London prostitution
A Soho doorway leads to a brothel (Reuters) Reuters

A rising number of Romanian women are working as prostitutes in London's "thriving" sex trade, according to a new report covering the capital's 33 boroughs.

They are part of a "rapid rise" in the number of non-British women selling sex on the streets over the past five years.

A significant proportion said that they were from Romania and were sending money home to their children and families, according to a report by the Eaves for Women charity.

They were said to be soliciting men at the entrance to hotels in areas popular with tourists, such as Park Lane.

"This group of women tend to sell sex on the street in groups and are highly mobile. Some are transported by taxi and privately owned vans to on-street sites known as hotspots for street prostitution," said the study, with prostitutes spotted leaving cash at makeshift drop sites.

Some prostitutes appeared to be as young as 14.

There were also accounts of "male minders" watching over the women. In one area of London there was a "Godfather-like" figure who controlled many of the Romanian women.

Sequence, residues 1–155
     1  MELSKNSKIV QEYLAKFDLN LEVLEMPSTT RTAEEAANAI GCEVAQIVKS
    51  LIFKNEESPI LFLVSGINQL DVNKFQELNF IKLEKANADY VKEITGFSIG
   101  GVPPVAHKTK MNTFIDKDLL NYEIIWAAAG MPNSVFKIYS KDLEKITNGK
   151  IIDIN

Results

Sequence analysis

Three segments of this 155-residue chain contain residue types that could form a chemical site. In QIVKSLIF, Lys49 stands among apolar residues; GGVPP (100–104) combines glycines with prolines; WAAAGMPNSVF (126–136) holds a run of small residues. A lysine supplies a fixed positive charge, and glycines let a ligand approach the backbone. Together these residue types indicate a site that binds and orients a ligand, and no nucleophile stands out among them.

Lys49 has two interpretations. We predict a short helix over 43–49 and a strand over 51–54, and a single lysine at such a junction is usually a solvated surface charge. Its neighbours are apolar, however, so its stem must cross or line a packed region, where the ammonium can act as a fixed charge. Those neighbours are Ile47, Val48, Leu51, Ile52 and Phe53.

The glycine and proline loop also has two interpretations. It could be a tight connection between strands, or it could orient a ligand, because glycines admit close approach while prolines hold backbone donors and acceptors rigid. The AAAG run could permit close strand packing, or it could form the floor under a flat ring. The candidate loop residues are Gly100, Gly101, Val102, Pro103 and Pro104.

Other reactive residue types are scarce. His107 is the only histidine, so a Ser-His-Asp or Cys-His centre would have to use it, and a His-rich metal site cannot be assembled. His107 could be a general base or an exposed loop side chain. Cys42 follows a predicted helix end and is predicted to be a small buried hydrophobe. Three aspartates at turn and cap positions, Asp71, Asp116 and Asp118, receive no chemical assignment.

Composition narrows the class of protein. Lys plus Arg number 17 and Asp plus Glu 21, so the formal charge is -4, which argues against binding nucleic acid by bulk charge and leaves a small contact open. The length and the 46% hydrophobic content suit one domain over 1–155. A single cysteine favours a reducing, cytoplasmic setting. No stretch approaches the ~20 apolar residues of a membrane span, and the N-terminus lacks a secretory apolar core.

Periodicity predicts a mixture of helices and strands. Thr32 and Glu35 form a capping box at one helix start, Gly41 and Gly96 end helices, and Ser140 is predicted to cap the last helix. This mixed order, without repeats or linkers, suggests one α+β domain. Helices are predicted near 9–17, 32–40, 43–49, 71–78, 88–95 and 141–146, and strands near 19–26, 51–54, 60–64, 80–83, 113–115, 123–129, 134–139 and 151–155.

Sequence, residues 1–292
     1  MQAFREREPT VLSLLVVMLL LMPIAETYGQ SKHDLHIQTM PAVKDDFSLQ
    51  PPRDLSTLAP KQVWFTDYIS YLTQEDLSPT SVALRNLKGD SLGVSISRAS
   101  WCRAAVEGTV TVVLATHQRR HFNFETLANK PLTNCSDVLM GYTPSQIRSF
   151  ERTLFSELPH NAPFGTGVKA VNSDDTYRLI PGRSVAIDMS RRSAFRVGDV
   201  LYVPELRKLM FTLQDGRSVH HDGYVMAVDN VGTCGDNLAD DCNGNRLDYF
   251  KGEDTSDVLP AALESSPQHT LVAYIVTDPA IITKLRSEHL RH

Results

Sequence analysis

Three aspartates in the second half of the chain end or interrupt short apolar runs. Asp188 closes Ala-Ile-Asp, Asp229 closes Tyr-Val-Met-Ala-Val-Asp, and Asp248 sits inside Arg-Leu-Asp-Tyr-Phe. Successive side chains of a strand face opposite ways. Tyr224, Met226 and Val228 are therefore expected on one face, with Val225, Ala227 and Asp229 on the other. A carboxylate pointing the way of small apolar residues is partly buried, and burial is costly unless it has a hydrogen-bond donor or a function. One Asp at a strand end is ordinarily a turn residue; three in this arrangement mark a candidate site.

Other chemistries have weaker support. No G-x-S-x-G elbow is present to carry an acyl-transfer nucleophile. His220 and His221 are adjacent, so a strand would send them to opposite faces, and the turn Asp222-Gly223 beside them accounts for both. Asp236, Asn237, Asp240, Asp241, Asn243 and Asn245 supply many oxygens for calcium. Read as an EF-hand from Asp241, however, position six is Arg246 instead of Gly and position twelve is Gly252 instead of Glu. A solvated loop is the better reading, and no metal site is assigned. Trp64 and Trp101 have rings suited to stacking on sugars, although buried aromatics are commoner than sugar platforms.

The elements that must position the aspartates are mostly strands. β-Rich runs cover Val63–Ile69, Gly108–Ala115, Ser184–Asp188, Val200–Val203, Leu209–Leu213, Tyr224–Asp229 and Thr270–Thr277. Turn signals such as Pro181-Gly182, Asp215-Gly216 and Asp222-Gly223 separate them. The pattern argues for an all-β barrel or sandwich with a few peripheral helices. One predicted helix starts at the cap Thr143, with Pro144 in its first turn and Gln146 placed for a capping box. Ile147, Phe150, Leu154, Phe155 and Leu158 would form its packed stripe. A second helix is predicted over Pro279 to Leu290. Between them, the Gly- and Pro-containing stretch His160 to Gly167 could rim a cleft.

The report, Capital Exploits: A Study of Prostitution and Trafficking in London, commissioned by the London Mayor's Office for Policing and Crime said: "There appears to have been a recent and quite rapid increase in the number of non-British women selling sex on the street in a significant number of London boroughs, many of whom are from Romania."

It is suspected some of the prostitutes could be human trafficking victims.

A total of 2,077 potential victims of human trafficking were identified in 2011, the report said, with the most common countries of origin being Romania, Slovakia, Nigeria, Poland and the Czech Republic.

"A major concern is the failings that our research identified among many services and authorities in London when it comes to effectively identifying women involved in prostitution, including those who have been trafficked," said Laura Brown, one of the study's authors.

"Punitive efforts tend to be focused on women involved in prostitution and not enough effort is put into tackling perpetrators."

Eaves chief executive Denise Marshall said: "No matter where you stand on prostitution, the levels of violence and abuse that women suffer both entering and during prostitution are too severe for us to ignore."